Climate change, and the objective to substantially reduce CO2 emissions, forces us to rethink the design our cities and buildings. A carbon-neutral economy in 2050 is the target, whilst 30 years is longer than the average lifespan of most building (parts).
Technology can be of great assistance when rethinking our ways of dwelling. In this one-year research project, three departments of the University of Antwerp will research how digital technologies can provide real estate developers, policymakers and other stakeholder with insights on the impact-neutral design of districts.
- The Design Sciences Hub will develop a parametric tool that enables the automated generation of different spatial scenarios. Based on energy scans at district level and state-of-the-art innovative systems, like neighbourhood batteries or smart meters, the tool will yield optimal configurations of infrastructures and buildings.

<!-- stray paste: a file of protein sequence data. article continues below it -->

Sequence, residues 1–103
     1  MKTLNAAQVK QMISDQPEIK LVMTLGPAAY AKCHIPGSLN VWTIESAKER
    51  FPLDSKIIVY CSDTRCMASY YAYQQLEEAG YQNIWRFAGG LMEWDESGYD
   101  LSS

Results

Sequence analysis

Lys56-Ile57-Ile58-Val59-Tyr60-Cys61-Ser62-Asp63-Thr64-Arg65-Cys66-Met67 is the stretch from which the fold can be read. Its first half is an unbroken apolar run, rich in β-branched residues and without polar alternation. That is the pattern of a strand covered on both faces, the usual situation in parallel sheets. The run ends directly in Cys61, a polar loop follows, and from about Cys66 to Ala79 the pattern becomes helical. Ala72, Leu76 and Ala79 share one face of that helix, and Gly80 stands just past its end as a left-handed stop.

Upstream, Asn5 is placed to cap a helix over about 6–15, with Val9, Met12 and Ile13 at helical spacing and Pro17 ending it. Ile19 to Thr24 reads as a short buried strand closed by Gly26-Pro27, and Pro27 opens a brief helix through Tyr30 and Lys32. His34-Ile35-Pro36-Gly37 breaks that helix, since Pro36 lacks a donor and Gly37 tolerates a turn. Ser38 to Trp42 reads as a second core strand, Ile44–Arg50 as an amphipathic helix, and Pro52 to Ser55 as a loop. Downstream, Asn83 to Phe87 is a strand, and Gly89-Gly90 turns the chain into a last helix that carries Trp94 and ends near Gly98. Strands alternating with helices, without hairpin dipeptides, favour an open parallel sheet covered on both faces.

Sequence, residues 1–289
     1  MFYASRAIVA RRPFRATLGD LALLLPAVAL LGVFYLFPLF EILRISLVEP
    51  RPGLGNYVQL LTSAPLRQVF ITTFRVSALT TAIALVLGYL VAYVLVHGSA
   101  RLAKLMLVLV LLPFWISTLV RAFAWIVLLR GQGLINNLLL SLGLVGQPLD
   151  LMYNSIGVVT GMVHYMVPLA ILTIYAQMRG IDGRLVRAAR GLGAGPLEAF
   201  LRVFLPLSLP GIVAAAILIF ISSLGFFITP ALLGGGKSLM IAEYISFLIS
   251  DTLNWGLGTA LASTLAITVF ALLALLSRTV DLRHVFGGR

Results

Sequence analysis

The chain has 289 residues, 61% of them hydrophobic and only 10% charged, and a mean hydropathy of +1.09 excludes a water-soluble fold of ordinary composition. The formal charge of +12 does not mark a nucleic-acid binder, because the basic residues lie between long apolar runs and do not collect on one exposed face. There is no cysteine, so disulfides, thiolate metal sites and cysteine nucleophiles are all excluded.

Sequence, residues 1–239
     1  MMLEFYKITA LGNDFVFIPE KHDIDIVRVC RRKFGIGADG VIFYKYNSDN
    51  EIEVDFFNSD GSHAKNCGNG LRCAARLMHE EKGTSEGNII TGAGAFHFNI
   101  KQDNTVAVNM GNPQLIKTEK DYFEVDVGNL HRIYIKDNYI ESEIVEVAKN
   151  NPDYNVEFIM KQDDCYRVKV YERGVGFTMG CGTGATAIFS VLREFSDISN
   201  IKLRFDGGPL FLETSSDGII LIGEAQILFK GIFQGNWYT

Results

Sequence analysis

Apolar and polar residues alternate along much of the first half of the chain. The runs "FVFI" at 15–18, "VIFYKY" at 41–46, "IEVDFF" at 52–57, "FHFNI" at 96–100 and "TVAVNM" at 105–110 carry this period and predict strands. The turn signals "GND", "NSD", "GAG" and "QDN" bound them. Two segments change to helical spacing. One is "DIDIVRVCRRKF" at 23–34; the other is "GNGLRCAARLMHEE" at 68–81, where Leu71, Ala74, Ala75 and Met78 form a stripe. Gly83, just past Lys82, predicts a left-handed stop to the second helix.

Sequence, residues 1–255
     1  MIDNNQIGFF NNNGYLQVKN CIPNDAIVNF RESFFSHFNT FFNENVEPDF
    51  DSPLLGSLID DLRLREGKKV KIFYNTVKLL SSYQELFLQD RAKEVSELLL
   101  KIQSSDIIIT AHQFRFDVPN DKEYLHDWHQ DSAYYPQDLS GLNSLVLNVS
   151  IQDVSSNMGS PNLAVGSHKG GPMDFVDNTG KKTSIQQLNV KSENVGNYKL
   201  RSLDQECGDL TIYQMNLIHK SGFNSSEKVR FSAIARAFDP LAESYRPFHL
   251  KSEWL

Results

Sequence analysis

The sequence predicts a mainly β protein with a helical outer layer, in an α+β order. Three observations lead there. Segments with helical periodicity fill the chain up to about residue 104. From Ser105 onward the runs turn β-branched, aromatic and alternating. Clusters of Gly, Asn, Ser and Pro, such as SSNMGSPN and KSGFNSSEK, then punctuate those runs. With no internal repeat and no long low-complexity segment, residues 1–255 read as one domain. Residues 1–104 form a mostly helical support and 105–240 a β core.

- IDLab Antwerp's proper machine learning algorithm will look for, and suggest reference images that match the said spatial solutions, based on existing data. This second step renders the spatial solutions developed by DSH more insightful to a broad audience of end users.
- The surroundings of the said configuration, will be mapped by EMIB, analysing the energetic performance of the neighbourhood, and its assets and requirements.
These three tracks will be combined into one tool, of which a first prototype will be developed in this project. The prototype will be applied to one specific use case (Antwerpen-Oost) to evaluate its impact.
Although the project will be lead and executed by the University of Antwerp, the private industry is involved as well. Four real estate partners - Bopro, Immogra, Quares and Voorzuitzicht - are financing and steering this project. So is the Beacon, maximizing the insights from digital technology companies.